Paul’s nomination may make the Kentucky race a slight possibility for the Democrats. Some say that the defeat of Senator Robert Bennett in Utah had the same effect, but that is very hard to imagine. If the economy improves a little more and some Republican Tea Bag nominees make enough mistakes, the Democrats might not face a complete route.

To the north of Kentucky is Ohio, where the GOP establishment easily brushed aside Tea Bag challengers. Maybe some ordinary Kentuckians had enough of Mitch McConnell or even knew of his very close ties to the mining firm that was connected with the last two mine disasters. At least, the Ohio results, combined with those from the Pennsylvania 12th district, suggests that the Tea Baggers are not uniformly strong everywhere.

In the process of pursuing bipartisanship, Democratic leaders in Washington have failed to win the support of independents and have dampened enthusiasm among their base. They need a new approach that provides reality therapy for the masses and reasons for the Democratic base to return to activism.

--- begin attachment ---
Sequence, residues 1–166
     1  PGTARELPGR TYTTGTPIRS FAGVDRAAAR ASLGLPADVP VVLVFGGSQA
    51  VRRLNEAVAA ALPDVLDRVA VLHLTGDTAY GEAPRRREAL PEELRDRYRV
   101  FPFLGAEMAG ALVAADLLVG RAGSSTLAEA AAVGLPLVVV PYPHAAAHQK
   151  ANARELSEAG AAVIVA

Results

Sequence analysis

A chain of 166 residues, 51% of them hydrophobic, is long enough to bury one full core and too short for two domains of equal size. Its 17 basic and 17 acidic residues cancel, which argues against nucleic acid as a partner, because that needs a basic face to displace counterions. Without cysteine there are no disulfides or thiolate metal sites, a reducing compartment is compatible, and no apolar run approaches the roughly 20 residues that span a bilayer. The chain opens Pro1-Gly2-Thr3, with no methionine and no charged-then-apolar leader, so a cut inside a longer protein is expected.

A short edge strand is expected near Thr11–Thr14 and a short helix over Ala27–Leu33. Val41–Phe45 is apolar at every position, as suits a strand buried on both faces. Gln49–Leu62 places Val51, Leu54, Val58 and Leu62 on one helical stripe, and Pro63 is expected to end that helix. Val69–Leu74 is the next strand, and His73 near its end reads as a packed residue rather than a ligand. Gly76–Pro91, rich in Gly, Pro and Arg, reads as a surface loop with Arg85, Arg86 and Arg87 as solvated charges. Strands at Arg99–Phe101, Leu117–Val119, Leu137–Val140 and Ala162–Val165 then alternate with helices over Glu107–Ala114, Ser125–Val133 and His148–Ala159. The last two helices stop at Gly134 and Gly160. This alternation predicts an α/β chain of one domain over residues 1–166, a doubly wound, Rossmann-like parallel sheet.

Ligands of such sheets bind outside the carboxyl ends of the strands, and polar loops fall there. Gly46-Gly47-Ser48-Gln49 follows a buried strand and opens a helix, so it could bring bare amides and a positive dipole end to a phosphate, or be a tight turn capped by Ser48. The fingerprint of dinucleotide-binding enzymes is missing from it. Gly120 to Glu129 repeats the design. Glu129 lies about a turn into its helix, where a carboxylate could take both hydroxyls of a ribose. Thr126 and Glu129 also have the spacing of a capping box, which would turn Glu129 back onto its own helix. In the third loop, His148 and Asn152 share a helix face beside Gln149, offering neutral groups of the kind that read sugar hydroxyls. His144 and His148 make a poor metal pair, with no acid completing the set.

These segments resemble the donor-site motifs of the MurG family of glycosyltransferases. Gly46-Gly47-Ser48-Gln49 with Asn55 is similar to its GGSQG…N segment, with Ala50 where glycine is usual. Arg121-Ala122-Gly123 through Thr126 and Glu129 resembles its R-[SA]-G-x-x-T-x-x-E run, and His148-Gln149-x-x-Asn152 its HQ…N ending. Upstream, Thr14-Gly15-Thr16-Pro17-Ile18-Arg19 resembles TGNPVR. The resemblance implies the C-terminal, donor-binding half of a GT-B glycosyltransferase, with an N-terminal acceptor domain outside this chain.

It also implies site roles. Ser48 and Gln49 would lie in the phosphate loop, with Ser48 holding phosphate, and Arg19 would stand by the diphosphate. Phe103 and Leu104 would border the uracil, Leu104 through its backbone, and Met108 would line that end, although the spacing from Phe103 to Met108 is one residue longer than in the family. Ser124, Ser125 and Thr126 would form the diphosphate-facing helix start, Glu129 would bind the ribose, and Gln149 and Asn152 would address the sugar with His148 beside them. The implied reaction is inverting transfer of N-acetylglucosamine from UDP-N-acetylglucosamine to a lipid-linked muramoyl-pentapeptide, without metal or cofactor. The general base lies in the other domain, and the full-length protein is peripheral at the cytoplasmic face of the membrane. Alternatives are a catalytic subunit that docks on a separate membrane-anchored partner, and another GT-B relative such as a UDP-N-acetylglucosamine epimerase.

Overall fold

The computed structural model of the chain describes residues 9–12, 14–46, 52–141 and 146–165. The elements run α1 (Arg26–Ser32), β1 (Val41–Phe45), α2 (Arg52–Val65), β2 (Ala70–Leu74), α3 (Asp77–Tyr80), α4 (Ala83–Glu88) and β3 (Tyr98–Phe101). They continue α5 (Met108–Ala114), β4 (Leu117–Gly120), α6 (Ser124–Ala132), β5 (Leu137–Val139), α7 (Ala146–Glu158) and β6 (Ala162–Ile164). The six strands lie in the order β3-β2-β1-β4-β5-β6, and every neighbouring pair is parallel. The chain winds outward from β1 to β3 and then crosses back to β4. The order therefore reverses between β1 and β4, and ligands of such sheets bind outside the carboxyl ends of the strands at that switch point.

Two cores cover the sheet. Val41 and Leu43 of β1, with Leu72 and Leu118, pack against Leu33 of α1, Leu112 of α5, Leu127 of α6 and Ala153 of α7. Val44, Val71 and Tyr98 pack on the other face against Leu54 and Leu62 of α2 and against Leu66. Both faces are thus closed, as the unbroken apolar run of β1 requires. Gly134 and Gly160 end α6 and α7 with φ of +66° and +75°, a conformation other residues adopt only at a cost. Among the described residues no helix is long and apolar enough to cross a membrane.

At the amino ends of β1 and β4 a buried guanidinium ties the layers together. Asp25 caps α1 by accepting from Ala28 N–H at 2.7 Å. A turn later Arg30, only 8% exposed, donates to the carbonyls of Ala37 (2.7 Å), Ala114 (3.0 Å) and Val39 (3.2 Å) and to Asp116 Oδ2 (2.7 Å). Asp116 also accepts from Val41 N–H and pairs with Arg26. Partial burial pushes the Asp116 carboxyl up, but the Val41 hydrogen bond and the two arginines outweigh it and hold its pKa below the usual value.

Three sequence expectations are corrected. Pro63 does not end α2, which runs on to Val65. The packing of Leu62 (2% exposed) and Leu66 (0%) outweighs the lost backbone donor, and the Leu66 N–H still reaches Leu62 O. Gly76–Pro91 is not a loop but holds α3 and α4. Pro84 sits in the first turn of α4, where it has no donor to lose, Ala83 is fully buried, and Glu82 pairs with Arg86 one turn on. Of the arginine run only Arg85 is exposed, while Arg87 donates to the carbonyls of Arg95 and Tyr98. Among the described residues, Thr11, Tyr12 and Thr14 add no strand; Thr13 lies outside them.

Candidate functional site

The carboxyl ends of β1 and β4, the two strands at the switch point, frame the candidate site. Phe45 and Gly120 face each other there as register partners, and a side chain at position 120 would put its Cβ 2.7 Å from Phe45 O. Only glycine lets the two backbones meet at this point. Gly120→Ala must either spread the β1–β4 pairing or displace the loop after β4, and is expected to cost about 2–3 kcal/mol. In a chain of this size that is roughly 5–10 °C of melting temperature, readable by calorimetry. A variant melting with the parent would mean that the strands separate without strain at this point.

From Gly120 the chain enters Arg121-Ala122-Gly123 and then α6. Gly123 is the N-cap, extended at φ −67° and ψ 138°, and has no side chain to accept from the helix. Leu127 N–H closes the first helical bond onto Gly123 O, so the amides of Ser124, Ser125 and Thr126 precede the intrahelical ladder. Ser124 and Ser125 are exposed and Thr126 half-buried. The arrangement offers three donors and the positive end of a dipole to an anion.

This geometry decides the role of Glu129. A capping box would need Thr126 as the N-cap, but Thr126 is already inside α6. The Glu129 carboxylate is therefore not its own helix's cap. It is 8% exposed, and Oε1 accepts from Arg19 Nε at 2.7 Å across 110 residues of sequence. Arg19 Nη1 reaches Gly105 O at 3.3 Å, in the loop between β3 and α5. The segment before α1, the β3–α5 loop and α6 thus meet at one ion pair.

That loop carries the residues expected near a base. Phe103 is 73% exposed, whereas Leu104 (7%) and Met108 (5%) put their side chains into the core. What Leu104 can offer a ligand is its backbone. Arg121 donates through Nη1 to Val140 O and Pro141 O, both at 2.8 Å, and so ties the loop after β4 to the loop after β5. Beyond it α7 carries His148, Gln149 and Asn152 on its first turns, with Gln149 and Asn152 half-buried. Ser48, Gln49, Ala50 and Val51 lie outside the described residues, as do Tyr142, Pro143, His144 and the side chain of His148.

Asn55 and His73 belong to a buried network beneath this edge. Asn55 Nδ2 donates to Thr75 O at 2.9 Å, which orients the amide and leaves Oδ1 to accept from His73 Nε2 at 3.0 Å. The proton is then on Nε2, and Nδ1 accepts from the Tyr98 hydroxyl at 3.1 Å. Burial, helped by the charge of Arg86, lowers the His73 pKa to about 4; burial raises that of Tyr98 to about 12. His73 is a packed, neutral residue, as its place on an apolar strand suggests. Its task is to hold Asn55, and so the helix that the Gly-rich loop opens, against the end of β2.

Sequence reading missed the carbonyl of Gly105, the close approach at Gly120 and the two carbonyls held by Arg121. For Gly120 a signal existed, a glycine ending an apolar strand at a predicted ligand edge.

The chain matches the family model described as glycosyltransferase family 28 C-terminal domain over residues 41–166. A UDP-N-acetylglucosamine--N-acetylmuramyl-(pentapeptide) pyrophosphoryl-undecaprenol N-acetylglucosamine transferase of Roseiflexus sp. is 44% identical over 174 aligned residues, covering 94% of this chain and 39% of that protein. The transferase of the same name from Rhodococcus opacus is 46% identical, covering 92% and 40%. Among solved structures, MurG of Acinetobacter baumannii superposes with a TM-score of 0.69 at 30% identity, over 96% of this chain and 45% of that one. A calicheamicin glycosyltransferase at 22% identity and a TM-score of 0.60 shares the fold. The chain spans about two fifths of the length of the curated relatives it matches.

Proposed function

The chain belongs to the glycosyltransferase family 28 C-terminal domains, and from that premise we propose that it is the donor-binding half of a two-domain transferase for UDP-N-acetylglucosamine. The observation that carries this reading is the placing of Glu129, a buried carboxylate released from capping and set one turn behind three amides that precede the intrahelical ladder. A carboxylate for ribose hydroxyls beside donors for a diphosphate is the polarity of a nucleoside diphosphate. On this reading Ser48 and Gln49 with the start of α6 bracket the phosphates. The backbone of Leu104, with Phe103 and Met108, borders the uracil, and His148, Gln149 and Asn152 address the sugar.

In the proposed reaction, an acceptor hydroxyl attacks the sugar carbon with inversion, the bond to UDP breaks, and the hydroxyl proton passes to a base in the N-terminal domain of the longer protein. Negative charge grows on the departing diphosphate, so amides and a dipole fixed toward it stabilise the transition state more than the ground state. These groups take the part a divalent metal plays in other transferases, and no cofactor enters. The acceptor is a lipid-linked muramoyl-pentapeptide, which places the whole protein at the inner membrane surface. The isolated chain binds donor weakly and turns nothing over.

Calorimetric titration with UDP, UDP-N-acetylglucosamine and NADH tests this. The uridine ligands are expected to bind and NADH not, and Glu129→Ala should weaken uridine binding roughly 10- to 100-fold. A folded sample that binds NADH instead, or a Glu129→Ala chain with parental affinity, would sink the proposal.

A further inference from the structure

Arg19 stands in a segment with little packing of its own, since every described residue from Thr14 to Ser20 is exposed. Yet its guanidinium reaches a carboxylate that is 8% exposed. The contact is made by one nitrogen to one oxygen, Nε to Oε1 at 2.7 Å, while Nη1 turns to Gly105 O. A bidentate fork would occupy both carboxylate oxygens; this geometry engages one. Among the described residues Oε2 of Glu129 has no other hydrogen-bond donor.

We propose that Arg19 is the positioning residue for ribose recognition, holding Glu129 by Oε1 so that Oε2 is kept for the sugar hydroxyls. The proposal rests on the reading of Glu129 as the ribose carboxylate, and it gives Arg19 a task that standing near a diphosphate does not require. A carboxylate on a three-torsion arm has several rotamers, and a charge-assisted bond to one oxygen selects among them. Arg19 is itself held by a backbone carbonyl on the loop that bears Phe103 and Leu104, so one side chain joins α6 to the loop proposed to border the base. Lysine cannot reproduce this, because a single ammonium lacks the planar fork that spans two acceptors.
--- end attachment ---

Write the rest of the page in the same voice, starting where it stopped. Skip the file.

Counter big lies

It is too late to counter all Republican lies, but the Democrats must address four.
  1. Remind seniors that the health care reform improves Medicare and does not deprive them of a single benefit.
  2. The two most criticized Democratic programs -- cap and trade and health care reform -- are almost entirely repackaged proposals originally offered by the Republicans.
  3. Obama and the Democrats bit off too much. The Democratic agenda could have been enacted had it not been for consistent, almost wall-to-wall Republican obstruction. This even included blocking many dozens of Democratic nominees including a head for the Transportation Safety Administration. In the latter case, the Republicans denounced Obama when the TSA did not function perfectly. The election should be about obstructionism because it denies the basic democratic principle of majority rule.
  4. Most people believe that the health care plan will drive up the deficit. The CBO said it will reduce the deficit, and people also need to be reminded that the Democrats extended the life of Medicare by reducing costs without cutting benefits
Reactivate the base